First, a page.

AMS interviewed Richard Kenworthy, director engine manufacturing division and Tony Walker, deputy managing director corporate, production control, to find out more about operations at Toyota’s Deeside engine plant.
AMS: Can you explain how Toyota’s philosophy of continuous development in its manufacturing processes is carried out and outline what Deeside contributed to this?
Tony Walker (TW): Toyota has a process called ‘yokoten’ which basically means ‘sharing’ best practice. This means we share information and developments across the European network and also globally to Japan and the US. Because of the different market environments not all ideas are immediately applicable but all are considered and analysed to see how they can be applied to each plant. So it might be that only part of a development is adopted; but the important aspect of this is that all regions share the information and everything is looked at to find improvements.
Richard Kenworthy (RK): A good example of this from Deeside is the development of in-line testers. Traditionally the completed engines go to a cold test area and here the electrical components are checked for conductivity and service function, but connecting them up to the test equipment is an involved process that has been difficult to automate due to the variations in component configuration and engine type. What our members here did was to develop an automated system that could take into account the variations and attach the test equipment in one operation. To achieve this one of the first steps was to study these variations and see where they could be reduced, for example in the positioning of certain components during assembly so that the connections were always in a uniform position. This saved perhaps two or three processes on the line and several thousands of pounds in service and maintenance costs. In 2011, that was the biggest ‘yokoten’ or sharing development in the global Toyota engine manufacturing network. But this is an ongoing process; every year we are challenged to develop ways of reducing the work content in production processes.
AMS: Can you give an overview of how manufacturing has developed at Deeside?
RK: In 1992, we started production here using a cast iron block, performing machining and assembly operations, and ran this up to 1999 when we switched to aluminium blocks. Given the increase in the use of aluminium, Toyota took the decision to build a casting facility at Deeside. At this point there was also a big expansion of the Toyota network, not just across Europe but globally. We were in a position to support this and increased our exports.
The two engine types that we were then producing came to the end of their production life in 2008, as had always been planned. These were replaced with the ZR engines and it was planned to introduce production of the NR engines, but with the economic downturn this plan was suspended. If you look at the journey we’ve been on here at Deeside over the last 20 years you can see the development in management and member capability. By that I don’t mean managers just know more than they did 20 years ago, it’s in terms of managing the production process and these are much more complex processes. So we are now much stronger in terms of project management. This applies to both Deeside and Burnaston, which is perhaps the shining example. There they are continually managing both major and minor changes to the vehicles they produce and that ability has been strongly developed over the last 20 years.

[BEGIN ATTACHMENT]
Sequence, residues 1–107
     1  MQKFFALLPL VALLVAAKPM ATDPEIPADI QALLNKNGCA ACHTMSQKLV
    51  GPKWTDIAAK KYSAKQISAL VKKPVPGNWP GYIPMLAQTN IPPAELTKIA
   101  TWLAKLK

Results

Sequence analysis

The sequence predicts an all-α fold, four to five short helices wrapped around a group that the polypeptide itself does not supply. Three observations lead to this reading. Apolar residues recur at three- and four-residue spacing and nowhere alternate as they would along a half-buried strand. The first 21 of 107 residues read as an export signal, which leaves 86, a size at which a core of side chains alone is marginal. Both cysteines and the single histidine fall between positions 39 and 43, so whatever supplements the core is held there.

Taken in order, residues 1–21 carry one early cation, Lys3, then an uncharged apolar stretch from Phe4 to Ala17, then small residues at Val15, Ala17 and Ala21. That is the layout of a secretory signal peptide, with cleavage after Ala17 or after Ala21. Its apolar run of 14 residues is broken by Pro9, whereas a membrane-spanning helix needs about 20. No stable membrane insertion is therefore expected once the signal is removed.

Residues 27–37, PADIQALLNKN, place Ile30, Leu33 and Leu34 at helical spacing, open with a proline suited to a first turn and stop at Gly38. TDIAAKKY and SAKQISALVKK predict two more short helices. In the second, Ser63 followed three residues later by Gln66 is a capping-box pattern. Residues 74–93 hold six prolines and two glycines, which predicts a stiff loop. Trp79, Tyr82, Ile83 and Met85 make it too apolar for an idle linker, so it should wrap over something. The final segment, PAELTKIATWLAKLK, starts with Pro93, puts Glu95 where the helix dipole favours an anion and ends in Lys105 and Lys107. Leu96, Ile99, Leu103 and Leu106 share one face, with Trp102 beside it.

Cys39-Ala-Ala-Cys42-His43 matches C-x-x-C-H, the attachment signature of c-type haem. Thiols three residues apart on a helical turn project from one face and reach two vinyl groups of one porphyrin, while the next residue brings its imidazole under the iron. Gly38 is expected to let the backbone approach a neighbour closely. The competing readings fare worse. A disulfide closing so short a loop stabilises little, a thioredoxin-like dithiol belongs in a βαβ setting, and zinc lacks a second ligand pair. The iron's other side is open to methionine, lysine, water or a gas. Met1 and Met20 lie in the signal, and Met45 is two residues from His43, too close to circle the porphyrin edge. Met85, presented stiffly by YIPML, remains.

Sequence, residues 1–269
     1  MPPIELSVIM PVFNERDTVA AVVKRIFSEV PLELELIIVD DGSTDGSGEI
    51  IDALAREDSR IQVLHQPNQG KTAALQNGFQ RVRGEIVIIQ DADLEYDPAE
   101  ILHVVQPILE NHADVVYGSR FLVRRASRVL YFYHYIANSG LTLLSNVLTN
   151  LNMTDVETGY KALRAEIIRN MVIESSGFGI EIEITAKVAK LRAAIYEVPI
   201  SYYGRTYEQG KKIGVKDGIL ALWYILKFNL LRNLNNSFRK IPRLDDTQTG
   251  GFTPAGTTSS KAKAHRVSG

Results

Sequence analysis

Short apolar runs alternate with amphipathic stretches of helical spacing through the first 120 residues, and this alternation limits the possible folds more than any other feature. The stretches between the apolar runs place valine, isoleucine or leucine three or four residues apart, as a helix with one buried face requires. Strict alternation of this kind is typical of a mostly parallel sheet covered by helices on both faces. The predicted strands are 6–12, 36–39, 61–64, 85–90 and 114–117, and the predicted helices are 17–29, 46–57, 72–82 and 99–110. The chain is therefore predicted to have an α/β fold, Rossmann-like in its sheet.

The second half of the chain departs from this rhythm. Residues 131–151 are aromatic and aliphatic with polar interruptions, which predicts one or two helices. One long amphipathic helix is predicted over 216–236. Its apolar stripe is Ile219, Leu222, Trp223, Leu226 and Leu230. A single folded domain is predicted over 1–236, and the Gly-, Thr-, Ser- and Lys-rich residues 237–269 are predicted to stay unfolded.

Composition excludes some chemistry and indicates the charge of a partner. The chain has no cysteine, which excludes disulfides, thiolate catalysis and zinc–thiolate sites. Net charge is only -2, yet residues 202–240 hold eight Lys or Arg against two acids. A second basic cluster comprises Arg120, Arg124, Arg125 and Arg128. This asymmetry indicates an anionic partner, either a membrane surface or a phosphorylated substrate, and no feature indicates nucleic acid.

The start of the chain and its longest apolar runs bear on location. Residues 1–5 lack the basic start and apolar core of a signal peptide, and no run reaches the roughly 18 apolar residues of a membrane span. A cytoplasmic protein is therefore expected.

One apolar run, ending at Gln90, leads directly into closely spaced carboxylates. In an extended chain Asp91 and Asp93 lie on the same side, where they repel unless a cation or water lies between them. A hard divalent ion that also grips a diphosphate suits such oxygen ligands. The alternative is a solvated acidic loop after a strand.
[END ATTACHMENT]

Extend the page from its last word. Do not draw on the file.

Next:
AMS: How much autonomy do you have here at Deeside in terms of developing your production processes?
TW: Major investment decisions on equipment for new models are managed through TME (Toyota Motor Europe). In between model developments, all continuous development of the production process is our responsibility. Any new ‘kaizens’ we come up with have to work for the members, they must be able to be implemented effectively and, of course, they are shared across the network. The key to the Toyota production system is continuous development across the network rather than a rigid instruction from the top, down.
RK: I can give you an example of how we are different. A visiting OEM commented that when he installed a new machine that would be the best it would ever be, but at Deeside that was just the beginning of the process. The whole ethos is to improve the way things are done. To optimise the machine’s capability. There’s a standard work content in assembling an engine but we are always looking at how to improve productivity, to improve how we do the job. And this extends to improving the reliability of the machines year on year.
TW: I worked at Toyota Europe for a number of years and one of the biggest differences I noticed on my return to the UK was the ability of the members to identify where improvements could be made, the development of shopfloor skills.
AMS: What is the most recent development in the production processes at Deeside?
RK: There is the opportunity for increased production capacity in  and in order to allow for this the maintenance team has been tasked with increasing the cycle time and capacity without affecting the reliability of the equipment. This has resulted in over 300 ‘kaizens’ being applied to all six machining lines with a reduction in takt times from 54 seconds to 48 seconds, with no deterioration in the reliability of the equipment. Last year we also introduced CKD production of engine sets for export to Japan, which involved introducing some new processes. Now about 60% of our output is for export.